Guest introduction by R. Craig Fulford:
Given it is Easter weekend you might expect me to post a tremendously dynamic sermon on the resurrection. But I’m not!
Instead I have chosen to share with all of you a sermon delivered by Phil Johnson entitled “The Story of Calvinism”. Now before you run screaming for the exits, allow me to explain.
For the most part, in today’s Church environment, any mention of the term Calvinism is met with an almost automatic response of “thrown up hands” and criticism. And that has been the result of many years in Biblical doctrine being compromised in favor of the belief that somehow man is in control and can make his own decision about whether or not he will accept God’s grace and His gift of salvation. The belief that a lost and spiritually dead man somehow has the “free will” to control his own salvation is now epidemic.
Phil does a tremendously effective job of diffusing the animus which exists between those who adopt the Arminian (Synergistic) view and those who are committed to the Monergistic (Reformed) view. Or at least he makes a strong attempt in trying to accomplish that goal without sacrificing Biblical truth.
Monergism says that the Holy Ghost acts independently of the human “will” in the work of regeneration. Monergism is the position in Christian theology that God, through the Holy Spirit, works to bring about the salvation of individuals through spiritual regeneration without any cooperation (interference) from the individual.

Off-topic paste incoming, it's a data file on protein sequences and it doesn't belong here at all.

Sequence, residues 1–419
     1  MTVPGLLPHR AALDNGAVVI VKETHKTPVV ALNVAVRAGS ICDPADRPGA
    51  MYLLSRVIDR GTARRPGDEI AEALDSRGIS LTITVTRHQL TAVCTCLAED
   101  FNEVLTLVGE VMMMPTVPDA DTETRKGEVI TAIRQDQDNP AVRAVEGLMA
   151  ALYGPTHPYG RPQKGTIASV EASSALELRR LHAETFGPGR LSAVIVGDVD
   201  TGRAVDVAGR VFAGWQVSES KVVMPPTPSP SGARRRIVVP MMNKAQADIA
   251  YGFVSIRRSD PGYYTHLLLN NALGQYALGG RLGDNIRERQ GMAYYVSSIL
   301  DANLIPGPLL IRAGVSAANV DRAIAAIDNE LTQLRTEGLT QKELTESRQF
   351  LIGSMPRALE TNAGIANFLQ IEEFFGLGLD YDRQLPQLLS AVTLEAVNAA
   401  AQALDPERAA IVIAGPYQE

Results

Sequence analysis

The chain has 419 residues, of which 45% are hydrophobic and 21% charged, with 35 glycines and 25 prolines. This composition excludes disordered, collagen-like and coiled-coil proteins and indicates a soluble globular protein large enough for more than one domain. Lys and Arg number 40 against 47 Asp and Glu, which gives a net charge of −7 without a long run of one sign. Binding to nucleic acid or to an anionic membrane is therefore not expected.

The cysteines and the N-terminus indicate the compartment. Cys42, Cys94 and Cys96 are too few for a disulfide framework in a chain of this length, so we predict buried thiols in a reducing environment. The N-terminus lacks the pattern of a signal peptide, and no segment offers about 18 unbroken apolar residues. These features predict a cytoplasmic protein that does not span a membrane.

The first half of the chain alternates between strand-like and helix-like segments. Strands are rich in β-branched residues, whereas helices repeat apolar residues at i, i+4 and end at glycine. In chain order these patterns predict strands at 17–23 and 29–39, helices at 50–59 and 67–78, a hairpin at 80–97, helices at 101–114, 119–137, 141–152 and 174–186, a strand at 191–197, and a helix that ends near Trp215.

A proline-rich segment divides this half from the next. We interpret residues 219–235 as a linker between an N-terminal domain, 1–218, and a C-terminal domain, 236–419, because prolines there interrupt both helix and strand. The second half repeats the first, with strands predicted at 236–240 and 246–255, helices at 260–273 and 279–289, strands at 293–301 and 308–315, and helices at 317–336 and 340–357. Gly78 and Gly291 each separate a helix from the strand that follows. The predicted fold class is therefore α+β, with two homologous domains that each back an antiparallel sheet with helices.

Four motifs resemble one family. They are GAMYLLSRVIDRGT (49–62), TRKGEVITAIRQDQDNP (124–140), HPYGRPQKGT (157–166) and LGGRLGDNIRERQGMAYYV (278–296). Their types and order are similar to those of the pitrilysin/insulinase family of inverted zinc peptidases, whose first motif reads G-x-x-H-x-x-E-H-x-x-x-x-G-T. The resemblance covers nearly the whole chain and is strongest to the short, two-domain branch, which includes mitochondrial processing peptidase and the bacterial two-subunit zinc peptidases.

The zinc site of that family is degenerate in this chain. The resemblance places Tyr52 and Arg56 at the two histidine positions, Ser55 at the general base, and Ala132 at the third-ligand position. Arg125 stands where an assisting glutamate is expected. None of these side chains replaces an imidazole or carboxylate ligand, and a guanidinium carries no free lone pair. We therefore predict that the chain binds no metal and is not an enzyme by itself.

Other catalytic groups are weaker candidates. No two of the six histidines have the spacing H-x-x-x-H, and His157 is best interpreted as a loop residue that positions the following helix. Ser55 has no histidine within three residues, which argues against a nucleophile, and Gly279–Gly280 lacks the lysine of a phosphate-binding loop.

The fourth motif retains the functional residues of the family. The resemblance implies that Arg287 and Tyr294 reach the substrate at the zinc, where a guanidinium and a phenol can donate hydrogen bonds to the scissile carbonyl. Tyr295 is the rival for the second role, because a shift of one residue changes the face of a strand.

Synergism is the position of those who hold that salvation involves some form of cooperation between divine grace and human “free will”. Synergism is upheld by the Orthodox and Roman Catholic Churches and by the Methodist, Episcopal, Charismatic and Pentecostal traditions of Protestantism. It is an integral part of Arminian theology and is simply the belief that the human can and might choose to cooperate (influence) with the Holy Ghost in His “work” of regeneration.
It’s important to note that “free will” is never once mentioned in Scripture nor is the concept. I know, neither is the “Trinity” but the truth of that concept is unmistakably taught.
So, you must be asking yourself, are there born again believers in churches that have adopted the Arminian doctrine? And if God has already pre-destined those who will be born again, why should Christians ever bother to witness? I mean, “What difference does it really make”?
Listen to Phil’s message and see the slides to have these kind of very serious questions answered! It only seems appropriate, while our minds are on His resurrection this weekend, to examine what it means to us as sinners in need of a Savior. It is too important that we understand what His sacrifice and victory over death represents to get it wrong!
Particular atonement: Christ’s death had a particular purpose, and a special reference for the elect, so that God’s design was first of all to save them, and Christ’s death secured the guarantee of their salvation. Christ’s death accomplished everything God designed it to accomplish. ~Phil Johnson
What is ‘decisional regeneration?’